Some more light hearted news for you to mark the start of the weekend as students occupying a building at the University of Kent have finally ended their month long sit-in protest over education cuts and rises in tuition fees. Young Academic can only heap praise on the dedication of these student who were willing to lose their Christmas breaks and even fast in order to show the government and University officials that they will not lie down. Bravo!

The group of angry students began their occupation of the University’s Senate building situated in the Canterbury campus on December 8th 2010. Although other protests such as the well publicised march in London ended before Christmas, Kent University students remained defiant and sat tight.

Although the students have vowed to keep fighting on, they left the building peacefully at 2am this morning.

One of the protesters was 20 year-old philosophy student Ben Stevenson, he had the following to say of their demonstrations; “After four weeks we feel we have exhausted this type of protest for the time being.

“But it’s not over, it’s simply the end of the beginning and we will continue pursuing our campaign.”

The students had spent much of the festive period without heating and only received food that was passed to them via security guards, underlining the lengths that UK students are prepared to go to in order to convey their thoughts and feelings on what has been a turbulent year. The students wished their University and its vice-chancellor Julia Goodfellow to condemn the government’s plans publicly and support them. After all, where would they be without their paying student ambassadors?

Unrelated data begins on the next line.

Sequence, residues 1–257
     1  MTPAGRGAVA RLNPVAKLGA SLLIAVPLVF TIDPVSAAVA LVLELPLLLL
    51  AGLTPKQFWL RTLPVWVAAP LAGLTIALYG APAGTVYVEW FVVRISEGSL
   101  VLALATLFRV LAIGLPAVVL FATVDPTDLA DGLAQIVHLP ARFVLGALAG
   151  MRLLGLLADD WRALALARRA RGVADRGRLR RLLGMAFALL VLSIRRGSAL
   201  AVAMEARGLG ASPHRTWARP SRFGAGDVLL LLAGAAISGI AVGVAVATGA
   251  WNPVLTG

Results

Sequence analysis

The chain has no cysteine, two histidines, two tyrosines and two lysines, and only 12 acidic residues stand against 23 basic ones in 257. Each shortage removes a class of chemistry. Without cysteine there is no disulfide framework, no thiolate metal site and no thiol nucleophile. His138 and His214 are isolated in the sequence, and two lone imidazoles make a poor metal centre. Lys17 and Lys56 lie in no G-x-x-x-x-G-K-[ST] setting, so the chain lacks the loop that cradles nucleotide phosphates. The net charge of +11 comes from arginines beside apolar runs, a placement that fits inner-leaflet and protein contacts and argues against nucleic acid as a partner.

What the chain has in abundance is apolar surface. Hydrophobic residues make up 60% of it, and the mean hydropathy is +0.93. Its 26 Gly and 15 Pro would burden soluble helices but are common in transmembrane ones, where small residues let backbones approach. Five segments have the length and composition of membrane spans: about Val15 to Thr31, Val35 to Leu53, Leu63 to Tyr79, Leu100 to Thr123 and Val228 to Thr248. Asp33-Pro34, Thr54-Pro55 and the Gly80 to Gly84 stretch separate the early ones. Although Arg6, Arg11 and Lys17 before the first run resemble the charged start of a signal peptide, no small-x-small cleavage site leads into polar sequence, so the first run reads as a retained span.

They are also demanding that she retract herself as signatory of a letter, published in the Daily Telegraph on 8 December, which opposed cuts but also supported government plans for university funding.

Professor Goodfellow has since written an open letter in which she again deplored the cuts to higher education funding, but the students said this did not meet their demands.

University officials had aimed to regain control of the building by seeking a possession order at a hearing at Canterbury County Court on Friday.


About Author

Charles Whitworth is the Editor of the Young Academic publications. Graduating from the University of Liverpool with a Bachelor of Arts degree in Journalism in 2008, Charles learnt his trade in newsrooms such as IPC Media and Sky. He has now developed as a top sports, music and current affairs journalist and has been printed in a range of publications including The Guardian. His interests include Cricket, Football, Rugby, Music and Current Affairs. Fresh from the editorship of Student Times he now takes the reins at Young Academic - the premier student news portal. Connect with me on Google+

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